Herbs and Aromas

Written by Leanna Serras

Herbs have been an integral part of the lives of human beings since the dawn of civilization. They have been used in areas such as medicine, flavoring of food, perfumes, and even disinfectants. Although it cannot be ascertained what exact purposes specific herbs served during the times of the earliest civilizations, it is believed that ancient people might have used herbs for medicinal purpose and magic.

The earliest evidence of herbs can be traced back to a burial site in Iraq about 60,000 years ago. The site revealed that the people of that time had knowledge of eight types of medicinal herbs. The supernatural qualities associated with herbs remained until the time of the Egyptians in 3500 BC, but the belief gradually waned with the advent of the Chinese civilization in 500 BC. The Chinese started to use herbs for scientific purposes rather than supernatural purposes. Hippocrates (460 - 377 B.C.), the Greek physician, also used herbs to cure his patients. The Middle Ages witnessed a renewed association of herbs with the supernatural again, but with the arrival of the Renaissance in the 16 th century, the study of herbs and aromas was taken to a new height.

Usual forms of medicinal remedies:

1) Infusions

In the infusion process, the active ingredients of herbs are extracted with the help of hot water, which is similar to the way tea is prepared. The green aerial sections of flowers and leaves that contain the active principles are mostly volatile, and this process allows easy extraction of these principles. Infusion may sometimes use a combination of herbs, and other times, it uses only one herb. It is meant to be drunk hot or cold, and it is drunk for pleasure and health. Infusion is also the most prevalent and the cheapest method of extracting herbs.

2) Decoctions

The fruits, roots, and barks of a plant also contain active ingredients of herbs, but they cannot be extracted by infusion. So, a process called decoction is used. The process involves cutting the roots or fruits in small pieces and simmering them in boiling water. A lid is also placed over the pan to prevent the active ingredients and perfumes from escaping. After the pan cools down, the pieces are separated from the liquid, and the liquid is taken hot or cold. Other than herbalism, decoction is used in many breweries for making beer.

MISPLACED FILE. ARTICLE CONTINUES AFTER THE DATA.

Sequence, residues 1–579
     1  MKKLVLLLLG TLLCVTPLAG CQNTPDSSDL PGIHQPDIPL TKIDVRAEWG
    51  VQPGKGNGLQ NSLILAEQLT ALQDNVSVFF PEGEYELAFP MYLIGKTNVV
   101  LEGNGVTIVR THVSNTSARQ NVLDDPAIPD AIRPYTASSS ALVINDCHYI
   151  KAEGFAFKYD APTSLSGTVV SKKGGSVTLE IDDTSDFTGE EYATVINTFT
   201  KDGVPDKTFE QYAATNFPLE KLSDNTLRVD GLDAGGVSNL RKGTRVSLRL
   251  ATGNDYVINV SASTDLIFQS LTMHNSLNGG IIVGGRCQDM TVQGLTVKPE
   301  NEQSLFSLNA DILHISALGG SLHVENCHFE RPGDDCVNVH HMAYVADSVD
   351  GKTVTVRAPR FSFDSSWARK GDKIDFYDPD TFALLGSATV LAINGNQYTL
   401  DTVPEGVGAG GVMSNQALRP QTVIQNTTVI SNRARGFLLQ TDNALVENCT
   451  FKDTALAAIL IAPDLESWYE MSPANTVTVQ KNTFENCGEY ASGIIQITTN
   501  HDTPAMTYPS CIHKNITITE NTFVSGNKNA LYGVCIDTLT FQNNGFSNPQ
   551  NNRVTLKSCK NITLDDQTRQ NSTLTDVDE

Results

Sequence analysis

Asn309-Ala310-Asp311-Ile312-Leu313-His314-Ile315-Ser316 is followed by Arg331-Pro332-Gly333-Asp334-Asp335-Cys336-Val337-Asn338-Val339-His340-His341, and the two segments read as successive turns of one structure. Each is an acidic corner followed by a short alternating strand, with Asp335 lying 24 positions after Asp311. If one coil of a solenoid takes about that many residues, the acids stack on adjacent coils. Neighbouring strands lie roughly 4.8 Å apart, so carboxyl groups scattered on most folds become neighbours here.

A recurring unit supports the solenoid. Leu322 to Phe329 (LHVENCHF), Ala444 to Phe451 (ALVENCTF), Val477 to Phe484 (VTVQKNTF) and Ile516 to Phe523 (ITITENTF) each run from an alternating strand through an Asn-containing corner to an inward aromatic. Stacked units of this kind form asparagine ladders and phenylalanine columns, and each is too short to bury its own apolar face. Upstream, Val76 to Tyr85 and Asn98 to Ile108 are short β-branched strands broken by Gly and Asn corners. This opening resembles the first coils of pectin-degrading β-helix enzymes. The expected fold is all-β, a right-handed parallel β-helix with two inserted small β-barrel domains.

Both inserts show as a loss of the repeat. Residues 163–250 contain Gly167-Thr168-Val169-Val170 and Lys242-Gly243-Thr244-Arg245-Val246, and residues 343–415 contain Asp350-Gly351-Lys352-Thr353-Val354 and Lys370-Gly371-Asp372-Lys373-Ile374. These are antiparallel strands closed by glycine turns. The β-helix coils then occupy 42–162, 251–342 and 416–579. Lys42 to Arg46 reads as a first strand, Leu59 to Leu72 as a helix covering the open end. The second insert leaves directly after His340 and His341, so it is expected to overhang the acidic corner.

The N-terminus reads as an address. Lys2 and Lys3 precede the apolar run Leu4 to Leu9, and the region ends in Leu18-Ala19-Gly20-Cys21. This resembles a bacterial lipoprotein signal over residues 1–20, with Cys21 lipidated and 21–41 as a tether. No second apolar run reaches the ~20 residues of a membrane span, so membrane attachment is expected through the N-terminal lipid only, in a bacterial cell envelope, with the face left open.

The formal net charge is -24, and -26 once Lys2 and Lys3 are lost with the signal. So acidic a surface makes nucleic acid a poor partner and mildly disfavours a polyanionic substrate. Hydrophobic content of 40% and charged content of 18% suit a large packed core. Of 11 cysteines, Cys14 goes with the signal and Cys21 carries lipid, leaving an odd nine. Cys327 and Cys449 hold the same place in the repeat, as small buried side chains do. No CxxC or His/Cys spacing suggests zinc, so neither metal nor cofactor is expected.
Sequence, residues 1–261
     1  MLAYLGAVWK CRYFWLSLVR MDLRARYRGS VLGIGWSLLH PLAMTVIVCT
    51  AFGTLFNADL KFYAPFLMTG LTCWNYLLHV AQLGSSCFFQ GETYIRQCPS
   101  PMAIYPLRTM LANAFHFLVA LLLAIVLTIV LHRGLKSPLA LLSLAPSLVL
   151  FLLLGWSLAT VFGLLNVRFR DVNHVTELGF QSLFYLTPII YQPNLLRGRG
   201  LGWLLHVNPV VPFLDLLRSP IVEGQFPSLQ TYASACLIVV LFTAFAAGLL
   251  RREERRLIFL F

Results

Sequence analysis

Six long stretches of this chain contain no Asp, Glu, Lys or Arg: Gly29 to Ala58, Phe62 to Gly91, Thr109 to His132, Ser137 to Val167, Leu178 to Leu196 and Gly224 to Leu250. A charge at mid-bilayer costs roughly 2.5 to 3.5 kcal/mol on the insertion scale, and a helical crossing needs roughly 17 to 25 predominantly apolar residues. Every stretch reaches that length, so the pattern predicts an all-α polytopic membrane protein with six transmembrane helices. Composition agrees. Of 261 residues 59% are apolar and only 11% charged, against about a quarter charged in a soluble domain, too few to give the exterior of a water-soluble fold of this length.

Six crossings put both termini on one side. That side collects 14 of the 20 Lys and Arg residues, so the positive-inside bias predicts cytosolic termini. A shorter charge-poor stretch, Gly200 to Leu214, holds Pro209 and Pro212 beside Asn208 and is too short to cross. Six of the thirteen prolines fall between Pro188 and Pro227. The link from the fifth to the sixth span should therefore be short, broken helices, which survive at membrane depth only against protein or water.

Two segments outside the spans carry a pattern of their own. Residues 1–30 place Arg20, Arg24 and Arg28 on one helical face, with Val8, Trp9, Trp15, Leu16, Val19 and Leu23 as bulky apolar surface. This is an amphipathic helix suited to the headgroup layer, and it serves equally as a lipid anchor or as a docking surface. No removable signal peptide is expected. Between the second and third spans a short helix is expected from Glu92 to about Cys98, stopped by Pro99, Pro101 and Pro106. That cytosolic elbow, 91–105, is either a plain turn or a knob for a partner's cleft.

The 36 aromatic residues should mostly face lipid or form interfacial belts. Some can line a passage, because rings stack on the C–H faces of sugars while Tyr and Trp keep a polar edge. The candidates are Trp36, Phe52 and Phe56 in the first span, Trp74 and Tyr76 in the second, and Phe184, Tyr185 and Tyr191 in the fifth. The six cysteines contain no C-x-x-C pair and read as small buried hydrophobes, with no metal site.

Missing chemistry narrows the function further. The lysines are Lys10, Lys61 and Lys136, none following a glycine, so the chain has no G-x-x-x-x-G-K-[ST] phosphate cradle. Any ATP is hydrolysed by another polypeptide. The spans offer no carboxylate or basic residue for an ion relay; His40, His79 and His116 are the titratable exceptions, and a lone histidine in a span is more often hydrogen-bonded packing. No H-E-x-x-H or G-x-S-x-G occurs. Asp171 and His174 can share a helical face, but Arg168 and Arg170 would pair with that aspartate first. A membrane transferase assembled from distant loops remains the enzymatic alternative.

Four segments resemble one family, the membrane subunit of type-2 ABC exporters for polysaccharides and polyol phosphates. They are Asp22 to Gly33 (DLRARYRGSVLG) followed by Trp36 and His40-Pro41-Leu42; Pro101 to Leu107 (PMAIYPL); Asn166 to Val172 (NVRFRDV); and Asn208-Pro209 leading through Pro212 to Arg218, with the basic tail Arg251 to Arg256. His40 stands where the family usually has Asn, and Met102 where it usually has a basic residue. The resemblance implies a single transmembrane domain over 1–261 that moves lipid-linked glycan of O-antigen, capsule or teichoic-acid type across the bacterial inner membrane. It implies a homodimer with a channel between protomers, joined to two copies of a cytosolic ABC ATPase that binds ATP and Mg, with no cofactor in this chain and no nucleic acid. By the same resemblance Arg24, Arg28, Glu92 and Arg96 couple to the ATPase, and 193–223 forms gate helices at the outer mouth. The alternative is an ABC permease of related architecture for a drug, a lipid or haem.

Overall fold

3) Tinctures

Immersing the herbs in alcohol creates a solution that contains a rich amount of active principles, since alcohol absorbs a major portion of the medicinal plant components. This solution is called tincture. Ethyl alcohol is ideally used for making tincture. It is used for medicinal purposes, such as Mercurochrome, as well as for making spirits and perfumes.

4) Syrups

When an infusion or a decoction is added with unrefined sugar or honey, it transforms into syrup. Syrups help to make certain infusions and decoctions with medicinal properties more palatable, especially for children. They are predominantly used for curing sore throats and coughs.

5) Infused Oils

When infusion is carried out with the use of pure vegetable oils instead of water, the resultant solutions are called infused oils. Almond, sunflower, and olive oil are three of the vegetable oils that are commonly used. As such, vegetable oils have a property of absorbing the active ingredients of medicinal herbs. The infused oil can easily be made into ointments and creams, to be used for medicinal purpose.

6) Essential Oils

The oily segments of aromatic trees, plants, and grasses are called the essential oils. Eucalyptus leaves and sandalwood are two examples of aromatic plants that contain essential oil. There are four primary methods for extracting these oils, and they are effleurage, steam distillation, solvent extraction, and expression. Essential oils are mainly used in the perfumery and cosmetic industry to make perfumes, and they are also utilized in certain therapies such as the aromatherapy.

7) Ointments

The preparation of ointments is similar to that of infused oils, but waxes, such as bees wax and paraffin wax, and fats are used instead of vegetable oils. After simmering the herbs in waxes or fats, a solid mixture is obtained. Ointments with perfumes are generally used for treating skin bruises or irritations. 

8) Creams

Creams are made by combining oils or fats and water. This makes the cream permeable, so that it will allow the skin to sweat and breathe. However, emulsifying agents are required to mix the oils with water, since oil and water don’t mix naturally. Occasionally, Glycerin, which aids in the hydration of the skin, is mixed with cream too.

Herbs and aromas are essential in the modern society, and they are frequently incorporated in a variety of modern medicines as well as perfumes, colognes, fragrances, and cosmetics.